Postby (admin) » Tue Mar 13, 2012 5:34 pm

Let's hope Hank takes a page from your book and records such a CD before he calls it a day. I would love to hear Welch and Farrar hop aboard the same train!
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Re: how to get the Hank Marvin sounds?

Postby (somebodyelseuk) » Sun Apr 29, 2012 5:04 am

Okidoki. Having spent a couple of weeks actually trying to get these sounds...
For early (58-64) era, turn the bass and treble all the way down on your amp and adjust the middle to around 7-8. If you have access to EQ adjustment (parametric if poss) low shelf cut below 200hz, high shelf cut above 2000-4000hz and then cut about -12-18db @ 800hz. I think I did these over about an octave. These will get you very close. With a bit of time spent tweeking around this guideline, you could get almost spot on.
For mid to late 60s era, turn the bass and treble full up and adjust the middle to suit. Beware though, this is extremely cutting, so while it does get that sound, it will give you a headache. Haven't spent long enough on this sound to advise on EQ, but I would think same again on the 800Hz and the high and low may need opening up a little(?).
Hope this proves helpful.
Cheers, Julian
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Re: how to get the Hank Marvin sounds?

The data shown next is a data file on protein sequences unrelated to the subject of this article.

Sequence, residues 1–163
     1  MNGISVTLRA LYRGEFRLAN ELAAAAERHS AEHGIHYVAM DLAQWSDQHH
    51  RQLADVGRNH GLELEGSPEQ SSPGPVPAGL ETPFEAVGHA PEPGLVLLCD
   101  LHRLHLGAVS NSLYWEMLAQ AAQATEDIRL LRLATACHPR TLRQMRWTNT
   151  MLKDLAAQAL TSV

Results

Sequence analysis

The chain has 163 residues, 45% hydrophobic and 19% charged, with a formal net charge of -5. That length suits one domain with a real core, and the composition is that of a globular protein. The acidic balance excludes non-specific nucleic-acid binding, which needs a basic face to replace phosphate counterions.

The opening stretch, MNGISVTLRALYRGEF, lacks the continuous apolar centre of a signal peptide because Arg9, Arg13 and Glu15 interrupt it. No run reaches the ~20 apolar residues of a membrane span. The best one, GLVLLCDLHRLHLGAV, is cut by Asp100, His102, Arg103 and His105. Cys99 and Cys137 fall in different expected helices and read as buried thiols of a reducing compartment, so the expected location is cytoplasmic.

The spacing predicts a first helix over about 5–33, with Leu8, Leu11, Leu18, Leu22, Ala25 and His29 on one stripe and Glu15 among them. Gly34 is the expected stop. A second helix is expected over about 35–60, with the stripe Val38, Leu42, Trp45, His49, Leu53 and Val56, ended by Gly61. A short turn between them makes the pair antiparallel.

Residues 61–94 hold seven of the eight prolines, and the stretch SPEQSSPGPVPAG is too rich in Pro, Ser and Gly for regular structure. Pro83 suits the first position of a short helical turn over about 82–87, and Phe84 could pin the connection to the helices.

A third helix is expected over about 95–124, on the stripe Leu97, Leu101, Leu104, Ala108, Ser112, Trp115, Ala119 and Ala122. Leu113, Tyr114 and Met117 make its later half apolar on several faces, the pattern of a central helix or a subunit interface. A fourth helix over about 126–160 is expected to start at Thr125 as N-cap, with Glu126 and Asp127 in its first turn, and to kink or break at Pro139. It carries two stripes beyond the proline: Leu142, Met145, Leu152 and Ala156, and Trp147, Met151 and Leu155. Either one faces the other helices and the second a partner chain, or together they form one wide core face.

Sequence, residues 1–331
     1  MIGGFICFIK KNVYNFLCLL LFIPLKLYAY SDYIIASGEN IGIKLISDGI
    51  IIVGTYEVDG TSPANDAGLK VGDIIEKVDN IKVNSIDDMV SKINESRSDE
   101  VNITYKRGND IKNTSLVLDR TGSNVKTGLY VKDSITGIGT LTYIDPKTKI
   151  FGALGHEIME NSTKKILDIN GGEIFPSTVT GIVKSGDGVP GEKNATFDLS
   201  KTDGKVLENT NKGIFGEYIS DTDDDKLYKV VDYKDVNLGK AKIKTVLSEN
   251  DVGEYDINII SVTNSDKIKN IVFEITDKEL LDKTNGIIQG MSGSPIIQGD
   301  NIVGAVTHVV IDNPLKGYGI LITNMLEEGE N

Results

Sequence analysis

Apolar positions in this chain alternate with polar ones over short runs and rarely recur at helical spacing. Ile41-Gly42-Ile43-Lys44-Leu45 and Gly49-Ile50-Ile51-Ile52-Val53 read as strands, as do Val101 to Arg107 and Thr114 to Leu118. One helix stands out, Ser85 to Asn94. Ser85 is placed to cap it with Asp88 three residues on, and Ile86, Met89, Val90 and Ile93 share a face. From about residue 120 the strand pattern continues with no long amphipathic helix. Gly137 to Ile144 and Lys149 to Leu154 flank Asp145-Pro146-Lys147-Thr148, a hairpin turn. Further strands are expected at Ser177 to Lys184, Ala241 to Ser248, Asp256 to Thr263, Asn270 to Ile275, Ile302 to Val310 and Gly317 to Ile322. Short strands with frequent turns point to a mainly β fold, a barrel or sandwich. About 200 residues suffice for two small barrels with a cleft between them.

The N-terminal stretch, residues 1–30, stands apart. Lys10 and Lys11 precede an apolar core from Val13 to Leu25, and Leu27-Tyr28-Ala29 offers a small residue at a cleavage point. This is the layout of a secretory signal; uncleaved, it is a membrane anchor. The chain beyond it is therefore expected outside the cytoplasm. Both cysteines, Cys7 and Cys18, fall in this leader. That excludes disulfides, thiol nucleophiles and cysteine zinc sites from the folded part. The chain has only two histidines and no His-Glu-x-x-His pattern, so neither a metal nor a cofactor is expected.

Postby (kenposurf) » Sun Jul 22, 2012 5:30 pm

Have used the Magicstomp with the Jim Hall patches...a Fulltone real tape delay..an El Capistan......and more than a few others..
The Magicstomp or the Zoom with the right patches are very cool but so much depends on your touch...now I use a MXR Carbon Copy with a Strat (bridge pup) ...a nice tube amp..VOX //Fender etc will work just fine. Go after the vibe/feel of Hank's playing first..practice the tunes..his style is very understated which is a big part of it's charm.
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Re: how to get the Hank Marvin sounds?

Postby (admin) » Sun Jul 22, 2012 6:58 pm

George I agree that a bit of delay and a Strat bridge pickup with a decent amp are the requisites. A little dash of talent doesn't hurt either. :lol:
Life, as with music, often requires one to let go of the melody and listen to the rhythm

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Re: how to get the Hank Marvin sounds?

Postby (kenposurf) » Fri Jul 27, 2012 6:30 pm

admin wrote:George I agree that a bit of delay and a Strat bridge pickup with a decent amp are the requisites. A little dash of talent doesn't hurt either. :lol:

For sure on the dash of talent Peter..I think most of us fall victim to trying to nail a tome or style buying the correct gear.
One does need to have guitars/amps/effects etc that will get you in the arena but I know I can get carried away at times doing so!
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Re: how to get the Hank Marvin sounds?

Postby (ByrdBro) » Mon Jun 10, 2013 3:59 am